Archive for Content Management

Daz Studio Thumbnails

Sometimes the thumbnails that our content artists provide aren’t very helpful, or we’d like to have thumbnails for our own files, or maybe a folder named “Lilly’s Dress” isn’t enough to remind you what the dress looks like and you’re tired of opening the folder to find out it wasn’t what you’re looking for. This article is to provide some guidance on how I use thumbnails in Daz Studio to make finding content easier.

Minor Rant: There are some vendors who have taken to creating their thumbnails as “clay” renders without textures. This is really unhelpful when so many skirts and dresses are similar in shape. Without the textures it’s hard to tell some pieces apart. Even worse is when it’s not only a clay render, but a closeup of the neckline of a top or the waist of a skirt and I can’t even see the full product.

Thumbnail Sizes

Daz Studio has two thumbnail file standards. The first is the standard thumbnail that shows up in your Content Library and Smart Content panes. The second is an optional “tip” file which will be displayed (along with other information about the item) when you hover over a file in the content trees.

  • *.png – 91 x 91 pixels – This is the standard thumbnail that you’re used to seeing.
  • *.tip.png – 256 x 256 pixels (standard) – This is the image that is shown in the popup information when you hover over an item. If it doesn’t exist, Studio reuses the standard thumbnail. Also, technically, it can be larger than 256 pixels square. 256 x 256 is just the standard Daz enforces when content is being submitted.

Example

If I have a product called “Lilly’s Dress”, and I browse to the folder on my hard drive where that product is stored in my content library, I may find the following files:

  • Lilly’s Dress.duf
  • Lilly’s Dress.duf.png
  • Lilly’s Dress.duf.tip.png

Note that technically, the thumbnail files can also drop the “.duf” part of the file name and they will still work. This is an important point that we’ll come back to later. It’s only really required if you happen to have two or more files with the same root filename (e.g. “Lilly’s Dress.duf” and “Lilly’s Dress.dsa”) and you want to have different thumbnails for each file.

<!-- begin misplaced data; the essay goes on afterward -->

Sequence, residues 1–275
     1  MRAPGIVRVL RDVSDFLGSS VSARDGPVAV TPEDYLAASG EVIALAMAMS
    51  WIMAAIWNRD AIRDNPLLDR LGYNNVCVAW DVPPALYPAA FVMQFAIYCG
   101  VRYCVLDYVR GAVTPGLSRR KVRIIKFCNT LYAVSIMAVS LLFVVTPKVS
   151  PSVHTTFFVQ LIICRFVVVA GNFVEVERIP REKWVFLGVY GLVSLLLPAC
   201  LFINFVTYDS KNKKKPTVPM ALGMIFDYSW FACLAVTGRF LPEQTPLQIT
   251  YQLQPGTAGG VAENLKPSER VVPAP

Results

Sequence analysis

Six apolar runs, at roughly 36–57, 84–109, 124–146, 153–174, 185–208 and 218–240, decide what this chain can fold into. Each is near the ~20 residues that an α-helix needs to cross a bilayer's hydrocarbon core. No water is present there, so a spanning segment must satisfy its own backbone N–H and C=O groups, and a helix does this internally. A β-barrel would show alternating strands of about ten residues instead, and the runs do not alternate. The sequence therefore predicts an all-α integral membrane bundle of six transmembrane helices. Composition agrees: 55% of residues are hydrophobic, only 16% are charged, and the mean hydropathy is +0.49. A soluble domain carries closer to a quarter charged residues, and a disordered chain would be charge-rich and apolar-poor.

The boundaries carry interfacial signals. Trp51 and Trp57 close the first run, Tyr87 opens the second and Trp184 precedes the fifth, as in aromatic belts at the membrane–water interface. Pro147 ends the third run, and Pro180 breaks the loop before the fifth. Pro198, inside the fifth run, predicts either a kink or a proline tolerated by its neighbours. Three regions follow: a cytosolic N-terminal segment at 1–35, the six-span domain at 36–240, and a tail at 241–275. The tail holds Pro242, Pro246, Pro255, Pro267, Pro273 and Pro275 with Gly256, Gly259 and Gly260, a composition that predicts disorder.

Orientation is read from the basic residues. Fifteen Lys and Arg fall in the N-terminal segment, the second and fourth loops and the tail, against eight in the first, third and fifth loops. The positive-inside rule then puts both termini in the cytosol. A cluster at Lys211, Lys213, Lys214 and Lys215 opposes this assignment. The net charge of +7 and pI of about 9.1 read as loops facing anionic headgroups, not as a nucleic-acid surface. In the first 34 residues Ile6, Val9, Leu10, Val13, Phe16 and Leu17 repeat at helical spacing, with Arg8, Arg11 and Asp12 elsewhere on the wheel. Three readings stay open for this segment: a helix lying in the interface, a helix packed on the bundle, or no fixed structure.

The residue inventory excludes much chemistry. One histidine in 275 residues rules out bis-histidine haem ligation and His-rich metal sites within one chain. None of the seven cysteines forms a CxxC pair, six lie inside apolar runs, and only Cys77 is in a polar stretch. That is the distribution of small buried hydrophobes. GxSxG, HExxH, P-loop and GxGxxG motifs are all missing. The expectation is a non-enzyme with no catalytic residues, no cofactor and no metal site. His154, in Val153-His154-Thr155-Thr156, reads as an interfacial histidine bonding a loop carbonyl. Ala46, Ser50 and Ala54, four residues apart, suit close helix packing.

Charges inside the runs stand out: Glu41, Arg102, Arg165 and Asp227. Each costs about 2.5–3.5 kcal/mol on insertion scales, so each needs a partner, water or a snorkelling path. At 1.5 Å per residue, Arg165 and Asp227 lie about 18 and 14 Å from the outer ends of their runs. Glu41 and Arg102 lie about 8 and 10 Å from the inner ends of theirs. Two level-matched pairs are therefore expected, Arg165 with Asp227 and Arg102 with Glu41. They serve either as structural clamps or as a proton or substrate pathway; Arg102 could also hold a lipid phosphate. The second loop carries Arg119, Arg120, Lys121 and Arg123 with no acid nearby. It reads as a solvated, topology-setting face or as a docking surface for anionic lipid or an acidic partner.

Tip: The fastest way to find the files on your hard drive may be to just right-click on the file in the content library view and choose “Browse to File Location”.

Creating Thumbnails

If you don’t like the thumbnails that exist, or Studio didn’t create a thumbnail (for example if you save a scene, it may not create a useful thumnail for the .duf file for that scene), it’s easy to create your own.

All I do is to setup a camera with my render settings to render a square (1:1) image at 256 pixels. Usually you don’t want this to be very artistic; so a bright scene that lets you clearly see what you’re rendering the thumbnail for works best. I will save this render as “<product/scene/whatever>.tip.png” (e.g. “Lilly’s Dress.tip.png”).

Then I will create a copy of the file and call that “Lilly’s Dress.png”. I edit that with my editor of choice (usually GIMP). I may choose to just resize it down to 91×91 or I may crop it first. I especially do that on my character presets that I save where the main thumbnail I may only want a head and shoulder shot, but the tip thumbnail is a full body shot.

Then I copy these PNG files into the folder where the product is stored. You may either need to overwrite the existing thumbnails or remove the “.duf.png”/”.duf.tip.png” files to get yours to show.